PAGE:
What Is a Discretionary Trust?

Passing on your assets and estate to beneficiaries can seem like a straightforward process, but people who might prey upon this fragile transition, such as creditors and divorced spouses, can easily take advantage of it. Using a discretionary trust decreases the risk of assets landing beyond your beneficiaries’ pockets, and an estate attorney, can help. This kind of trust also puts you in more control over how your estate is handled. These are the top benefits to investing in a discretionary trust.

What Is a Discretionary Trust?

The point of a discretionary trust is to protect your assets from external predators and, potentially, the poor management of your beneficiaries. It gives the trustee — most likely you — the power to distribute funds and assets in the exact manner you deem necessary. You can place certain terms on your assets so that they are not passed on to beneficiaries unless they meet certain qualifications, such as an age or a specific scenario (like medical costs).

Can a Beneficiary Claim Funds? 

A discretionary trust gives you comfort by placing direct control of your belongings in your hands. At the same time, it keeps beneficiaries from taking any. Only you can decide when the assets are given to beneficiaries.

What Are Advantages to Withholding Funds From Beneficiaries?

If you have trustworthy, dependable beneficiaries, this may seem like an odd decision. Why keep it from the eventual rightful owners? There are several reasons, including beneficiaries who are not yet old enough, beneficiaries who have a history of irresponsibly handling funds, or beneficiaries that are mentally impaired.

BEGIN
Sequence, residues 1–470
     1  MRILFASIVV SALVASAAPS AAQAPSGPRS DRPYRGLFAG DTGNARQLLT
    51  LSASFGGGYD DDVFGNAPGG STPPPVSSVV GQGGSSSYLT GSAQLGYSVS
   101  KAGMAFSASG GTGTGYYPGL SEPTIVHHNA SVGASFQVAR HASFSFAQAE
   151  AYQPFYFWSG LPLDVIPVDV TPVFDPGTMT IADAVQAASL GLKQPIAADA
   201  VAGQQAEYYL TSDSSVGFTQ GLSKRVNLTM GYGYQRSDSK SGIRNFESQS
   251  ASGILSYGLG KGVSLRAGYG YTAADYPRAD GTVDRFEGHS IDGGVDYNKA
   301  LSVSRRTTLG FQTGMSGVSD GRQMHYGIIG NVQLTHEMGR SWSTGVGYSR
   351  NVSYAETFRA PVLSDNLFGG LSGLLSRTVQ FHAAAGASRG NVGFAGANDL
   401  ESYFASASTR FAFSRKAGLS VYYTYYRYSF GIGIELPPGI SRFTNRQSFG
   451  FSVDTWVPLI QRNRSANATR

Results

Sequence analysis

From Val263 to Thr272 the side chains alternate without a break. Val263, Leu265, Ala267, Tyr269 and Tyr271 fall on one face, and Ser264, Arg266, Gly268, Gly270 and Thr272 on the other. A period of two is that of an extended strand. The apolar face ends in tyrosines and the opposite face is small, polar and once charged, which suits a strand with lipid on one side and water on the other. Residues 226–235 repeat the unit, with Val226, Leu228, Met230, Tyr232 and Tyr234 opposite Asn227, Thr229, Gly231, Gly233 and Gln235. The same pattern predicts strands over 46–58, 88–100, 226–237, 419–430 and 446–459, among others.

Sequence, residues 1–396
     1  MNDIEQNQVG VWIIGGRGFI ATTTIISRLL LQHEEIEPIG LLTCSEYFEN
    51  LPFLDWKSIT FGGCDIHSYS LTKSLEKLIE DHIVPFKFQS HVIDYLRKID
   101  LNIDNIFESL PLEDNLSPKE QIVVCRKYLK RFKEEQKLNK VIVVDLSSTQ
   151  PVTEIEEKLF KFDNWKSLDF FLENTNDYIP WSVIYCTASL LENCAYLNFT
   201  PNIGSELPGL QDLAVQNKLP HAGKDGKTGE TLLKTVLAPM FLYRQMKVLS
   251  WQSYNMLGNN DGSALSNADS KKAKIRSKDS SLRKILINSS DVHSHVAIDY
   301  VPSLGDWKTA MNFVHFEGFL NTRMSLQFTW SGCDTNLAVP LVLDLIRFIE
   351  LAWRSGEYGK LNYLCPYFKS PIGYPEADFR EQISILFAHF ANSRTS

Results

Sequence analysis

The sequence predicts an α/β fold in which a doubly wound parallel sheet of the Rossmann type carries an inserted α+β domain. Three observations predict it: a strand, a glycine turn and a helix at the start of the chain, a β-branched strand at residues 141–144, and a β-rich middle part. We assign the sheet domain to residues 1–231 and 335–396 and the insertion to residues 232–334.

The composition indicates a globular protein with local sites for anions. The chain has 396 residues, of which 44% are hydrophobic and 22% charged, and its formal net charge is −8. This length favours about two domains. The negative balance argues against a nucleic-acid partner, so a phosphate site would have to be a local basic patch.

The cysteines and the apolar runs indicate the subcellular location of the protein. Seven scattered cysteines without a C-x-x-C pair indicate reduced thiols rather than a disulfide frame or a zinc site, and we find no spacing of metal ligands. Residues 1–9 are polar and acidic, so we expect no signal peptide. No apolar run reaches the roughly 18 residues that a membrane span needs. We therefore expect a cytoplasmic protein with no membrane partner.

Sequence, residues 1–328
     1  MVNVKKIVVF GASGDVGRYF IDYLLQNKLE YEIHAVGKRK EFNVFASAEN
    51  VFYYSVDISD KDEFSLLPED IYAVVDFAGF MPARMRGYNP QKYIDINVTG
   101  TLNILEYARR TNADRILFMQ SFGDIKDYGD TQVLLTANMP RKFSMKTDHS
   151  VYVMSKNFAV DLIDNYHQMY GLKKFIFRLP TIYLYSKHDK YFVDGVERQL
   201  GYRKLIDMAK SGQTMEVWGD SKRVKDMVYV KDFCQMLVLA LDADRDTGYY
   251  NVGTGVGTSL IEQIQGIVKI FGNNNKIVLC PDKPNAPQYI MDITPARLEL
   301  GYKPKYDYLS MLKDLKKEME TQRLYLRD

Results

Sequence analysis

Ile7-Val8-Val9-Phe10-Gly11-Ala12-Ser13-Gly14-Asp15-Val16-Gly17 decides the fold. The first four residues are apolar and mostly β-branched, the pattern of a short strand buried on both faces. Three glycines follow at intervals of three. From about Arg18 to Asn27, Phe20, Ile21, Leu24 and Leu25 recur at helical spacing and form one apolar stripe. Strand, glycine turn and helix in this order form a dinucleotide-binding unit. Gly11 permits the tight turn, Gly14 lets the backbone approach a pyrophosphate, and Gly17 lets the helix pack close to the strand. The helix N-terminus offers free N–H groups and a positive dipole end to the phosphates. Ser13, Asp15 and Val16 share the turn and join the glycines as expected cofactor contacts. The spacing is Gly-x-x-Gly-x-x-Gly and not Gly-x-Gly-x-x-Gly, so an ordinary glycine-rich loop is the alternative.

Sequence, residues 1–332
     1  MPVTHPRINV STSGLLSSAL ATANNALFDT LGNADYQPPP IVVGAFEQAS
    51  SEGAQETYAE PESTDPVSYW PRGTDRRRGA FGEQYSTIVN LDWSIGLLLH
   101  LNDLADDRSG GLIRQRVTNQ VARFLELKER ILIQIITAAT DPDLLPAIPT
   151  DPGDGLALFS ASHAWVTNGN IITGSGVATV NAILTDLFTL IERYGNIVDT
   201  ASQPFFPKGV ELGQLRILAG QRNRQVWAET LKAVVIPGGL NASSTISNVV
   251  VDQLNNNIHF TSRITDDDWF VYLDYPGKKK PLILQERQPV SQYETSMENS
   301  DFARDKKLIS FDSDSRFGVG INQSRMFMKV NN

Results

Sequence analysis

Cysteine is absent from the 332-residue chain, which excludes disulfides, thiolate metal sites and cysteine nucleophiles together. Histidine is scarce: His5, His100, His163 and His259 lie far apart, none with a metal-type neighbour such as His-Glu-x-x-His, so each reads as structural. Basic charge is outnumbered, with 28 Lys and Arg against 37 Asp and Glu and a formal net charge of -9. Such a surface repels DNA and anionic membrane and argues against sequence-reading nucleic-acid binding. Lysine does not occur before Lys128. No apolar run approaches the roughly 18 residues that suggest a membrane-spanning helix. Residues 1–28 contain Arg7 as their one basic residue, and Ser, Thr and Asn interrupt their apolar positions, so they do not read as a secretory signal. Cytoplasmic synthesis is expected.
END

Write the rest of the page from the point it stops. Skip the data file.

Can the Trustee Use the Fund?

Since the trust is specifically for passing things down to loved ones or friends, the trustee cannot access any of the funds once they are placed in it. This is especially helpful in protecting your assets from creditors. A trustee remains in full control of the assets and in distributing them. It’s important to note, however, that a trustee who does not uphold the integrity of the trust as it was originally made can be subject to removal and replacement.

Delving into the details of a discretionary trust or any other form of estate planning can be a challenge. The more you have to pass on, the more complicated it can become, with more consequences for your beneficiaries who have to deal with creditors. Consulting with a lawyer about the best type of fund for your needs can make the transition process smoother when the time comes.